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Meghan Harper, PhD, became the new director of Kent State University’s School of Information (iSchool), effective July 1, 2021. Harper acted as interim director for the iSchool over the past academic year, a year of great uncertainty and uncharted waters due to the pandemic. “Dr. Harper provided exemplary leadership and service to the iSchool this past year, made exponentially more complicated and challenging by the pandemic. She is kind, thoughtful and a collaborative colleague who is an effective advocate for the School’s programs, faculty, staff and students,” Amy Reynolds, Ph.D., dean of the College of Communication and Information, said. “Along with her impressive academic record, she brings previous administrative experience and strong institutional knowledge to this important position. I am excited for the future of the iSchool under Dr. Harper’s leadership.”
Prior to joining Kent State, Harper held administrative positions in K-12 public schools. Since joining the faculty in 2001, Harper led the school library media concentration, and was the MLIS graduate coordinator for the School.
Harper holds a Ph.D. in curriculum and instruction, master's in library science (with K-12 Library Media Certification), and a Bachelor of Science in elementary education (with K-8 certification), all from Kent State University.
Read more on the Kent State iSchool website.
iConference 2022 is now accepting submissions, with research papers due Sept. 13, 2021, and all other submissions due Oct. 4. Full details can be found on the conference website, and submissions can be made on the ConfTool submission site.
iConference 2022 will take place online Feb. 29 – March 4, 2022. This global event is jointly hosted by University College Dublin (Ireland), and Kyushu University (Japan) and University of Texas at Austin (USA). Presented by the iSchools, this is the 17th annual event in our series.
The iConference is open to all information scholars and researchers, regardless of affiliation. We encourage everyone to download our Submissions Call and share it among your school, information communities, colleagues and friends.
The iConference 2022 theme is Information for a Better World: Shaping the Global Future. As societies build their post-COVID-19 realities, we have an unprecedented opportunity to apply information for a better world. The conference invites scholars to reflect and contribute through their research and engagement in the following tracks:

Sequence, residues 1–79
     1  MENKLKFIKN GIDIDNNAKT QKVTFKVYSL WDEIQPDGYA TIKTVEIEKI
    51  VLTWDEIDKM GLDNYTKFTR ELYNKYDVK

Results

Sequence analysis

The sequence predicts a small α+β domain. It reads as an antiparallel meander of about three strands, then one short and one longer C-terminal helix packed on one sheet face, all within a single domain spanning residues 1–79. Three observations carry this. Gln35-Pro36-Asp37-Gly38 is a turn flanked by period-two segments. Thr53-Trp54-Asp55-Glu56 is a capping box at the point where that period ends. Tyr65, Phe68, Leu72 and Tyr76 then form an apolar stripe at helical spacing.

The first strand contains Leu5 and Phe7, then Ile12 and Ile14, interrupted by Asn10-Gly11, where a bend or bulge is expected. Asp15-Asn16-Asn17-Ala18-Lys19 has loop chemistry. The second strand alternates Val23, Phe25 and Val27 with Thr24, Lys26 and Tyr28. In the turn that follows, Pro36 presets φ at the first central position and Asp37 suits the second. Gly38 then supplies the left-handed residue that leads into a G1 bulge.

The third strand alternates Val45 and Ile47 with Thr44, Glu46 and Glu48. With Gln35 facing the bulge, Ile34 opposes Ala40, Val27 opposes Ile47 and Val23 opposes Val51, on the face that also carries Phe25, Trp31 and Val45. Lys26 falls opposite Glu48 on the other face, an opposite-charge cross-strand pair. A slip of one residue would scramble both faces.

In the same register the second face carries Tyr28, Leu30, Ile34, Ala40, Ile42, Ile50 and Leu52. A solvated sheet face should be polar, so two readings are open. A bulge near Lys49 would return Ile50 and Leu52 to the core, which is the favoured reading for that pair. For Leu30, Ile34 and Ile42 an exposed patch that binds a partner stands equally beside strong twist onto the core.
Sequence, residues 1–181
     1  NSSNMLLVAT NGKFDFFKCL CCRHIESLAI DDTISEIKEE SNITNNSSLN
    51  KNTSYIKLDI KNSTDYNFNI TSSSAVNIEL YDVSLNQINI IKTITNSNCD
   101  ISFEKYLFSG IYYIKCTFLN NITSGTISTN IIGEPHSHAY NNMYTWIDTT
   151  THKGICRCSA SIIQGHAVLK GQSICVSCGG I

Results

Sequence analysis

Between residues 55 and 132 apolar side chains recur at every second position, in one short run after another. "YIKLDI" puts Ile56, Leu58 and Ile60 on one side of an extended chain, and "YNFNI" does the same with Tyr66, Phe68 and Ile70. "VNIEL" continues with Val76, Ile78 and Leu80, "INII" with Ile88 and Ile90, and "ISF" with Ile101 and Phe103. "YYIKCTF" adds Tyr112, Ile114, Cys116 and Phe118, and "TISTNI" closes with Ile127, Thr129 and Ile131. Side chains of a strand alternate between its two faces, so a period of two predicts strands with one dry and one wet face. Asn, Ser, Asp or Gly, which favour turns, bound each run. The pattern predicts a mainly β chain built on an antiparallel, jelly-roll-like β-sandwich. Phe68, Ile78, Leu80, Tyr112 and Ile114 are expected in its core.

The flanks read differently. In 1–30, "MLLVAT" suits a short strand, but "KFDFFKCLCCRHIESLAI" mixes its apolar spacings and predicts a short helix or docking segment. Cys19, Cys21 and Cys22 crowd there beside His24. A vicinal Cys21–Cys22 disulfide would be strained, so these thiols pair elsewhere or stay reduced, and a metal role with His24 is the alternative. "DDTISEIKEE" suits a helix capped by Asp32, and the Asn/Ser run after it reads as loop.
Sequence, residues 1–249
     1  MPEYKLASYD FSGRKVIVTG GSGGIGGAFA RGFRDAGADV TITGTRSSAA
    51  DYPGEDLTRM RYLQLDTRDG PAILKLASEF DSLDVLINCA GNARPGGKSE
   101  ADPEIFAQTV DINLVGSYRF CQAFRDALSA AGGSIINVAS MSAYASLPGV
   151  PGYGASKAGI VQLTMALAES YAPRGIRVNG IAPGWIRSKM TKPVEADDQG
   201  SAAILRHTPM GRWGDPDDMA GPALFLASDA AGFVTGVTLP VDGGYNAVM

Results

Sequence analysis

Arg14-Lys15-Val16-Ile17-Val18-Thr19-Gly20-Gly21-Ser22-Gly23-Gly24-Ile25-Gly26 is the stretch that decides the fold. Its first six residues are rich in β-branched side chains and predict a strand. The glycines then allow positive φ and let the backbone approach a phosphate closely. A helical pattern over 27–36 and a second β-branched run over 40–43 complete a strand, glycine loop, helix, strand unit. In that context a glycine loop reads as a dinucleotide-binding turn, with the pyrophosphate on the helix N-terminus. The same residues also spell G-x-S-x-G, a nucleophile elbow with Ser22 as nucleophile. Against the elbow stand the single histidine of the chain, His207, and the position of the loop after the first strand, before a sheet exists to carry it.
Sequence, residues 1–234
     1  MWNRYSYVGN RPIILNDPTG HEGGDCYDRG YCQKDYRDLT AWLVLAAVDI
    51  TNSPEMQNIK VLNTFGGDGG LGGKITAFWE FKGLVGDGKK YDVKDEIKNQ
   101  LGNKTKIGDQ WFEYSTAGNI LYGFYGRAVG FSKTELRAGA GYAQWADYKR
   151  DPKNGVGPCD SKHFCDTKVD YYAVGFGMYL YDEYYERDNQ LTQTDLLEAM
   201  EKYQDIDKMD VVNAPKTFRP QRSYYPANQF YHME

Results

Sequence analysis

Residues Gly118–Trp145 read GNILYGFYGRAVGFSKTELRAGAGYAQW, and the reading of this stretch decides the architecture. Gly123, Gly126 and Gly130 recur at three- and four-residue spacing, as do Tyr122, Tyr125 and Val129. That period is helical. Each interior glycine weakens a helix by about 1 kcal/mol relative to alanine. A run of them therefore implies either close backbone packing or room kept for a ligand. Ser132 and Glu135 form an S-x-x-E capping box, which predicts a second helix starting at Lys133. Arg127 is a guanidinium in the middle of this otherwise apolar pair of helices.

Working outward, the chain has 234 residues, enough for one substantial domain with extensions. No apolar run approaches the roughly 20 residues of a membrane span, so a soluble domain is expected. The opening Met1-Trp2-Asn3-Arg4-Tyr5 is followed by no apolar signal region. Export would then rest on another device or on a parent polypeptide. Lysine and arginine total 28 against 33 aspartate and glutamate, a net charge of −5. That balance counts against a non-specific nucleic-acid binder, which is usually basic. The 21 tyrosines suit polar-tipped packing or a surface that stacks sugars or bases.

Visit the iConference 2022 website for more information.
On Sept. 24, 2021, the iFederation will present an online panel examining academic resilience and opportunities for the information community in our post-pandemic world. Titled The Rising Phoenix: Perspectives on Resilience for Education, Research, & Practice, the panel will consist of iSchools Executive Director Michael Seadle, ALISE President-Elect Sandra Hirsh, and ASIS&T President Brian Detlor. The panel will be held in conjunction with ALISE 2021 Annual Conference, and advance signup is required.
The panel presentation is described as follows: As we start to emerge from the global pandemic and as our society grapples with critical economic, social, and environmental crises, we must implement resilient measures to move forward and evolve in our field of information science. Members of our community must consider the pandemic’s impact on research, education, and practice and create a proactive plan that is even more inclusive, reflective, and robust than ever. Members of the iFederation, made up of ALISE, ASIS&T, and the iSchools will address some of the ways their associations are thinking about and addressing resilience. Learn more
Lankes led the iSchool for the past 5 years, doubling the size of the iSchool’s undergraduate program, revising its bachelor’s, MLIS and Ph.D. programs, expanding external research funding and launching a graduate certificate in equity, diversity and inclusion.
To assist the school during this transition, Professor Karen Gavigan has returned from retirement to serve as the school's interim director.